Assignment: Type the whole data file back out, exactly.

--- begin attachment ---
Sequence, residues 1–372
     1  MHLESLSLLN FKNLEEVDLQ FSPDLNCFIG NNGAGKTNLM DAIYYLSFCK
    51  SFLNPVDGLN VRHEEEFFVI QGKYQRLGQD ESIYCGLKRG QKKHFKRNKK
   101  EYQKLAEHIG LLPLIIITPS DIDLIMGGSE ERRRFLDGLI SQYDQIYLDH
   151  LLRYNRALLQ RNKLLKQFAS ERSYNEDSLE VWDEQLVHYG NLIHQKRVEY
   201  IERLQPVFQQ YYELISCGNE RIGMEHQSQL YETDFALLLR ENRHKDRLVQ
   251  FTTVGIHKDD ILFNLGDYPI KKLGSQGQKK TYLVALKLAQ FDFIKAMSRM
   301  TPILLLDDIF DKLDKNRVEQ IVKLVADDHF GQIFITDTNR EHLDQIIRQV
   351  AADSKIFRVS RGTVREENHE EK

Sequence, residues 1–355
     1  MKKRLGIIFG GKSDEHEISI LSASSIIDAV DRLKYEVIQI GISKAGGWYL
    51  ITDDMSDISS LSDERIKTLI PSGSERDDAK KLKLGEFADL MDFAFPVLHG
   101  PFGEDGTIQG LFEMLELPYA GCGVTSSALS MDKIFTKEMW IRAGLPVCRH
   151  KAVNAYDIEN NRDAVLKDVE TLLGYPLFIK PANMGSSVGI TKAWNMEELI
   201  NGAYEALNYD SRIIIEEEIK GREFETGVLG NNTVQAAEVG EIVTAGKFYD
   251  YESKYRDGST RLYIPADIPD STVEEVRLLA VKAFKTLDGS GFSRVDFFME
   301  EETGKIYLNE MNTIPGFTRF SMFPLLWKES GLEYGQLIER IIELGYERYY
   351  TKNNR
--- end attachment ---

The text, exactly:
Sequence, residues 1–372
     1  MHLESLSLLN FKNLEEVDLQ FSPDLNCFIG NNGAGKTNLM DAIYYLSFCK
    51  SFLNPVDGLN VRHEEEFFVI QGKYQRLGQD ESIYCGLKRG QKKHFKRNKK
   101  EYQKLAEHIG LLPLIIITPS DIDLIMGGSE ERRRFLDGLI SQYDQIYLDH
   151  LLRYNRALLQ RNKLLKQFAS ERSYNEDSLE VWDEQLVHYG NLIHQKRVEY
   201  IERLQPVFQQ YYELISCGNE RIGMEHQSQL YETDFALLLR ENRHKDRLVQ
   251  FTTVGIHKDD ILFNLGDYPI KKLGSQGQKK TYLVALKLAQ FDFIKAMSRM
   301  TPILLLDDIF DKLDKNRVEQ IVKLVADDHF GQIFITDTNR EHLDQIIRQV
   351  AADSKIFRVS RGTVREENHE EK

Sequence, residues 1–355
     1  MKKRLGIIFG GKSDEHEISI LSASSIIDAV DRLKYEVIQI GISKAGGWYL
    51  ITDDMSDISS LSDERIKTLI PSGSERDDAK KLKLGEFADL MDFAFPVLHG
   101  PFGEDGTIQG LFEMLELPYA GCGVTSSALS MDKIFTKEMW IRAGLPVCRH
   151  KAVNAYDIEN NRDAVLKDVE TLLGYPLFIK PANMGSSVGI TKAWNMEELI
   201  NGAYEALNYD SRIIIEEEIK GREFETGVLG NNTVQAAEVG EIVTAGKFYD
   251  YESKYRDGST RLYIPADIPD STVEEVRLLA VKAFKTLDGS GFSRVDFFME
   301  EETGKIYLNE MNTIPGFTRF SMFPLLWKES GLEYGQLIER IIELGYERYY
   351  TKNNR